Subject: File No. 4-606
From: Morris Armstrong

August 31, 2010

Dear Ms. Murphy,

Thank you for allowing me the opportunity to express my views to the Securities and Exchange Commission on what I think is a topic of great importance to the consumer.

I am a state registered investment advisor with decades of experience in the financial services industry. The issue of the standard of care that is applied to a client relationship has been one that has captured my attention for the last decade since it, in my opinion, inappropriately defines the greatest marketing opportunity of the century.

While you are conducting a study on the Obligations of Brokers, Dealers, and Investment Advisers you must also take into account the role and obligations of the consumer. As it stands now the consumer has a choice to the type of relationship that they want with a service provider, what they expect and what they are willing to pay. At least one of the factors that a consumer may be considering has been muddied through the use of the exemptions using the phrase solely incidental to the conduct of his business and that applies to attorneys, accountants, engineers and brokers. Hopefully one positive outcome of your study and rulemaking will be a clearer definition of that phrase and a more concrete definition of what advice is.

I was reading through many of the comments submitted and it is fairly easy to determine which letters are sent as a result of a lemming breeding campaign and which are true expressions of concern. Clearly you have the dreaded special interest groups supplicating themselves before you, each arguing that if you follow their advice that they American public will be so much better off and that the days of financial crisis will always be referred to in the past tense. Hopefully you can read though all that and see that each side is simply looking for an edge and that neither side is superior, just different.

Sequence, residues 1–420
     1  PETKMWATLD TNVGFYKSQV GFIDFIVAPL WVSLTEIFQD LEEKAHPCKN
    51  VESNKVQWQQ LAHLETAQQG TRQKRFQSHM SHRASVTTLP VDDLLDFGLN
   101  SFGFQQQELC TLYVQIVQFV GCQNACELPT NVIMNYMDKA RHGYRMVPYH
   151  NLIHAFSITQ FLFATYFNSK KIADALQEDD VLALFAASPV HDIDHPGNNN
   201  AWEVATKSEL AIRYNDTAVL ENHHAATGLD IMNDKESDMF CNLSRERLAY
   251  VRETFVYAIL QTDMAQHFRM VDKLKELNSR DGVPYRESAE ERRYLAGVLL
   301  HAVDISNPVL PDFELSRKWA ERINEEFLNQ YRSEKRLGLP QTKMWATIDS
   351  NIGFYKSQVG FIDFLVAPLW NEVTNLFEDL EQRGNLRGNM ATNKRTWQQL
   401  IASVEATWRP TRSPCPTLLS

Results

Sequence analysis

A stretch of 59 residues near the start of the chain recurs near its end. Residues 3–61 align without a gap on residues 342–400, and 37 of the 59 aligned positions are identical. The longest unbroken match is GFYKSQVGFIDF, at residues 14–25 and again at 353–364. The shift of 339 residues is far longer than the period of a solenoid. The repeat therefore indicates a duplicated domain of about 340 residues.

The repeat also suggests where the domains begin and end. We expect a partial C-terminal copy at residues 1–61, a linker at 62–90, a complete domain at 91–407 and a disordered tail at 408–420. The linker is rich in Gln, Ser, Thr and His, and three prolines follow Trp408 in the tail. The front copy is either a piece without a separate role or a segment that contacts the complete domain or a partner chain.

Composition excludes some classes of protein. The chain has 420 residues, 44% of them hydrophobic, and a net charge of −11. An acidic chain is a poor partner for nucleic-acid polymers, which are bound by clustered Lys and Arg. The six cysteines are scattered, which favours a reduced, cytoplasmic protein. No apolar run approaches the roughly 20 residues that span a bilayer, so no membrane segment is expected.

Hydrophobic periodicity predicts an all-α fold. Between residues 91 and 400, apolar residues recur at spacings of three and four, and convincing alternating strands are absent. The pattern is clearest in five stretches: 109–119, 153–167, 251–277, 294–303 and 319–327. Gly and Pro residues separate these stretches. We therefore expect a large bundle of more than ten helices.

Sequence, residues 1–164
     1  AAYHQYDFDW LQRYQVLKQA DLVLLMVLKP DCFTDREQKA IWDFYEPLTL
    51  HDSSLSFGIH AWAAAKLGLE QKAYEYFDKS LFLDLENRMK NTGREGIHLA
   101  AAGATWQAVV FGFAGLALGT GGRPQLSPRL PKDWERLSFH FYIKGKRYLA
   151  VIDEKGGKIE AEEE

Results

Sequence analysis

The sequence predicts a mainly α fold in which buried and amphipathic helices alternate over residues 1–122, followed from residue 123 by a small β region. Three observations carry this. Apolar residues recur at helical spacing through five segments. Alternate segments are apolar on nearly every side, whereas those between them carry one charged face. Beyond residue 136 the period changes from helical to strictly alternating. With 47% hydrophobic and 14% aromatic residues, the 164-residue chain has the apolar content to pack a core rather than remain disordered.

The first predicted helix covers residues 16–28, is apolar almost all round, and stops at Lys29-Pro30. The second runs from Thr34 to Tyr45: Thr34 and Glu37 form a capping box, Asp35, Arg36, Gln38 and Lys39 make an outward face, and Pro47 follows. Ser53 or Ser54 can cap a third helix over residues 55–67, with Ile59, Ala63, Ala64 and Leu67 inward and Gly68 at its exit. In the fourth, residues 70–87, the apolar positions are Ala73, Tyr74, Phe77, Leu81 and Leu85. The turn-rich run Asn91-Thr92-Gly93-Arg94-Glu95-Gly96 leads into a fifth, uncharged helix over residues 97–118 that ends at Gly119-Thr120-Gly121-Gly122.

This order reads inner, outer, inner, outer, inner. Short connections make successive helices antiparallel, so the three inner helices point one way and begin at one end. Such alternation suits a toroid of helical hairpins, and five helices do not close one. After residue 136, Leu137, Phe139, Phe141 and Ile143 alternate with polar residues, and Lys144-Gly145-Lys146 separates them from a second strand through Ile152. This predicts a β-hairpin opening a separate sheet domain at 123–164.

When addressing consumer protection President Obama asked why the language on credit card inserts should require that the reader have a law degree to understand them and I think that the same could be asked of many of the agreements used in the investment field, be it broker dealer or advisor.

Some of the comments, which were canned, said that the quality of the advice should not be determined by the nature of the provider. That statement presupposes an advantage towards either a broker or advisor and that is simply something that has not yet been demonstrated. Quite frankly the consumer will not benefit from better advice regardless of your final rules, they will only benefit from having a different legal remedy.

Patricia Potts who submitted comments on behalf of what seemed to be an organization with the best interests of the consumer in mind suggested that your pronouncement come down without the imposition of a uniform standard but rather that rules be made that would prohibit dual registration of individuals, the use of titles other that Registered Investment Advisor and Broker Dealer, with their appropriate individual derivations, a definition of advice that lent itself more to the securities in question and less to some easily obtained calculation and more disclosure, presumably in language that is easier to read.

In 2007 I had an article published addressing the issue of being a fiduciary and I firmly believe that it is the definition of advice that provides the confusion and that each camp has more similarities than differences. I had called for the removal of the exemptions then but not for the disappearance of the brokerage world. I think that the outcome is going to be very dependent on how aggressive you are with your definition of personalized investment advice. Hopefully you will limit that definition of advice to securities and not mathematical calculations that are readily ascertainable.

I think that if you address those issues and require more disclosure that you will then be allowing the provider of the service to be subject to either a fiduciary standard of care or a suitability standard, and the consumer will have the information needed to make a more informed choice based on what they are looking to accomplish


Morris Armstrong